FORT MCMURRAY, Alta. — The oilsands were the target Tuesday of environmental activists in Niagara Falls and northern Alberta on the eve of a meeting between Prime Minister Stephen Harper and U.S. President Barack Obama.
Two dozen Greenpeace members from Canada, the United States and France chained themselves to giant earth-moving equipment, shutting down Shell’s massive Albian Sands oilsands mine in northwestern Alberta for several hours.
The protesters placed giant banners on the ground reading, "Tarsands: Climate Crime."
On the American side of Niagara Falls, five people from the Rainforest Action Network unfurled a 21-metre by 12-metre banner reading "clean energy future" and "tarsands oil" with arrows pointing in opposite directions.
After a few hours, the protesters released the banner, voluntarily climbed back up to an observation deck and were taken into custody.
"Canadian tarsands oil undermines North America’s clean energy future," said protest spokeswoman Nell Greenberg.
In Alberta, both Shell and RCMP were eager to see a peaceful end to the demonstration as it stretched on through most of the day.
The company invited the protesters to unchain themselves and come to a nearby office to discuss their concerns. Shell also offered them food, water and bug spray.
"Shell’s view is to ensure the safety of these folks and to try and safely remove them from the site but respect their right to protest," said Shell spokesman Paul Hagel.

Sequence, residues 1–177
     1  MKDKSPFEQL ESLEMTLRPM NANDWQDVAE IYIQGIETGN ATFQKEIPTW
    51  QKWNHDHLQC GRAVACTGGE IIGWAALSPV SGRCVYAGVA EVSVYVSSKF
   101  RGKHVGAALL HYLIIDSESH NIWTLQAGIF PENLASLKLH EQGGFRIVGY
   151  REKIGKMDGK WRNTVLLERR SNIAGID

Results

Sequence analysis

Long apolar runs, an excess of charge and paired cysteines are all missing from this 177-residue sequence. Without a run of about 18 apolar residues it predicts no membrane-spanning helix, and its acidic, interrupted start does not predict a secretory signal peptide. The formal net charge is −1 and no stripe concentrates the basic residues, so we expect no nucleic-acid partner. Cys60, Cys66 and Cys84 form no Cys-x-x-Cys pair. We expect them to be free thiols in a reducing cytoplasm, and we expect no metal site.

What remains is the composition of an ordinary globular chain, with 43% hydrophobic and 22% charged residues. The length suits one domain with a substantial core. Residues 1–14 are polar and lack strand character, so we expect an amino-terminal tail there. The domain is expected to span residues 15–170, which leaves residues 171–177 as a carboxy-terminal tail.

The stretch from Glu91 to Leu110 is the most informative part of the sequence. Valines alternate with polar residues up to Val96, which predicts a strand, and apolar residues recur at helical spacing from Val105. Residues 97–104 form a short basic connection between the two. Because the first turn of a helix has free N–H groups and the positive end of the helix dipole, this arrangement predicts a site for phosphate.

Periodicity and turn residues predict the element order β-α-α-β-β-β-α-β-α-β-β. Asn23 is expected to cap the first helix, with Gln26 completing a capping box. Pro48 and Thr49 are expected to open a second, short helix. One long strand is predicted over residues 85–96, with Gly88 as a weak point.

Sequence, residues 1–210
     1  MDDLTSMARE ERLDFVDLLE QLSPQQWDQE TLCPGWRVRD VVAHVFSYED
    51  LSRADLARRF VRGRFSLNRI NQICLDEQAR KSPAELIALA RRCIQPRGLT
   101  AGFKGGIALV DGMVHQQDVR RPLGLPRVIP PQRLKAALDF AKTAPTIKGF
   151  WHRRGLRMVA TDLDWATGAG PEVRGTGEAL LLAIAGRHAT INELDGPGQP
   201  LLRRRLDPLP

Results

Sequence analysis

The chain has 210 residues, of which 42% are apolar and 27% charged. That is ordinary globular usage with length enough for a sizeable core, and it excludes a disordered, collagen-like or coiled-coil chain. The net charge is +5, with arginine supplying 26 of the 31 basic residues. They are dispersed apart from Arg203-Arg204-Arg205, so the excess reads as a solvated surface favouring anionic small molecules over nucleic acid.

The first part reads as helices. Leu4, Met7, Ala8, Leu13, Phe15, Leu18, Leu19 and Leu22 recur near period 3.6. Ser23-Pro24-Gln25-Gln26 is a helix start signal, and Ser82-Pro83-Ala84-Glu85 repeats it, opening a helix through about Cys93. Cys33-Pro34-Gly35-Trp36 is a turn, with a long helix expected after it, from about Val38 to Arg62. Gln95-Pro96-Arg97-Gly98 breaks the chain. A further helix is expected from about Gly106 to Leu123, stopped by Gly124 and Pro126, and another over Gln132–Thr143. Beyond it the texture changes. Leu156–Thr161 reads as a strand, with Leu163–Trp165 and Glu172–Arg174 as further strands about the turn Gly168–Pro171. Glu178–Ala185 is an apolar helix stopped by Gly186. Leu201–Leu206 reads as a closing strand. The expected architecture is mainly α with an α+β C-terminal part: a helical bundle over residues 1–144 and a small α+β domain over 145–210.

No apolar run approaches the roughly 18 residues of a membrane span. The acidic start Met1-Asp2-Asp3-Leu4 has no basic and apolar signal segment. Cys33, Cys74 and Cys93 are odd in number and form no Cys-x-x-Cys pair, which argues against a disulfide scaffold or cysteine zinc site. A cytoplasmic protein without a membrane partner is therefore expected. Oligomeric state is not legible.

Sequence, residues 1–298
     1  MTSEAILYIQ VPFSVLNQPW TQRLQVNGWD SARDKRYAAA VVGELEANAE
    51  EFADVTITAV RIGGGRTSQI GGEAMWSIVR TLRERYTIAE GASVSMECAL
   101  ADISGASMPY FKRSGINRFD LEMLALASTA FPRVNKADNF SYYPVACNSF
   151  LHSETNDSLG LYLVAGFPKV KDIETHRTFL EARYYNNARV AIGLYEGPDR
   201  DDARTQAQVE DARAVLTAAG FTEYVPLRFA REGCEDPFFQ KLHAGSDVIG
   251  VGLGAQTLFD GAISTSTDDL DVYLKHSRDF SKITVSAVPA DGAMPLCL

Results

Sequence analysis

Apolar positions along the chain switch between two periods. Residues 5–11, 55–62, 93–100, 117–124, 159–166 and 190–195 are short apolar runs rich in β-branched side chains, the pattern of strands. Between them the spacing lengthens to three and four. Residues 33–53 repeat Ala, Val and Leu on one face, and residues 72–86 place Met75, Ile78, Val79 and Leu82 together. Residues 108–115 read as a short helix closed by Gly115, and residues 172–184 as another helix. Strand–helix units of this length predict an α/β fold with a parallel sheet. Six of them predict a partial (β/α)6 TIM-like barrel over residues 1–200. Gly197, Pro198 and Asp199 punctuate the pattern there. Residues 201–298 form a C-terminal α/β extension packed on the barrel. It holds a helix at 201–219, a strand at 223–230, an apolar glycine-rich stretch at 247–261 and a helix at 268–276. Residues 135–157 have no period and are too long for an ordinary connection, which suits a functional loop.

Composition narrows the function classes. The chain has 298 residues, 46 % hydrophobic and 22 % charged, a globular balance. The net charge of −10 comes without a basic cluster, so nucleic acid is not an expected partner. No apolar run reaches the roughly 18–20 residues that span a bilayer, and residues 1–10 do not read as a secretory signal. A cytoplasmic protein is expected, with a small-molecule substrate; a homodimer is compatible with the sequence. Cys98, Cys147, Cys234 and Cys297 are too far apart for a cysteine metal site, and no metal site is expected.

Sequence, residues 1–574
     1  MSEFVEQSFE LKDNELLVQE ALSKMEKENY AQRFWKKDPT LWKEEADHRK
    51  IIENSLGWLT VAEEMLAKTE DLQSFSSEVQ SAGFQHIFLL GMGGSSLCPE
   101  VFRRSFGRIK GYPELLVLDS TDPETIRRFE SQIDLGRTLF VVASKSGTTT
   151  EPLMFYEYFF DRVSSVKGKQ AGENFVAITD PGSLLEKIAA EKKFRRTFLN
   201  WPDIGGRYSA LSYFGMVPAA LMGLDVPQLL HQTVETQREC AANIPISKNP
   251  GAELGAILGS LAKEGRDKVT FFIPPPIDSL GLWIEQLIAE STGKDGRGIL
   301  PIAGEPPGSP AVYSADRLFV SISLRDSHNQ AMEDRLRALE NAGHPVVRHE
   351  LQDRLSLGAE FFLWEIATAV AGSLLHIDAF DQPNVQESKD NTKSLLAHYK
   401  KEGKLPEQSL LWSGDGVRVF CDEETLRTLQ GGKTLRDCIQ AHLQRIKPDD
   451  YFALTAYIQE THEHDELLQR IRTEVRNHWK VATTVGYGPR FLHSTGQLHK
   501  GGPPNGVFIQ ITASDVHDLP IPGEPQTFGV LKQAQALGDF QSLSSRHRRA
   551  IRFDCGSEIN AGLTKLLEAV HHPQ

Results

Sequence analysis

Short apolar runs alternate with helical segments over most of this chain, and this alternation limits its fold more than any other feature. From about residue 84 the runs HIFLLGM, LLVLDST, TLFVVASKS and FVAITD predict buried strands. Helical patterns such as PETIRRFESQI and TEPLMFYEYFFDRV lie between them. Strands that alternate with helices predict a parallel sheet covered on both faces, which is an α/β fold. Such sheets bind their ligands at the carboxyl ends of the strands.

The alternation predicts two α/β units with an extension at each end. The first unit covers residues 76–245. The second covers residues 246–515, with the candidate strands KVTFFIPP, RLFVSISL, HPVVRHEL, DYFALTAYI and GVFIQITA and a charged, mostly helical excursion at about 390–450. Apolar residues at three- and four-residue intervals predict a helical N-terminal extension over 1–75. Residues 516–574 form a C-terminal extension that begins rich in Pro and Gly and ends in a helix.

"I know they’ve targeted other oilsands operators in the past, so it might have just been our turn."
RCMP Const. Karolina Malik said the protesters were very polite, so there was no rush to cut the chains or make arrests.
"We need to make sure that we understand why they’re doing what they’re doing," said Malik. "There’s no need to respond in any kind of manner that doesn’t match the way that they’re responding to us."
But Greenpeace resisted Shell’s attempts to negotiate an end to the protest. Mike Hudema, one of the Greenpeace leaders who chained himself an earth mover, said they wanted to send a message to world leaders on the environmental damage being caused by giant oilsands projects.
"To send a very strong message to President Obama and Prime Minister Harper that climate leaders don’t buy tarsands," he said.
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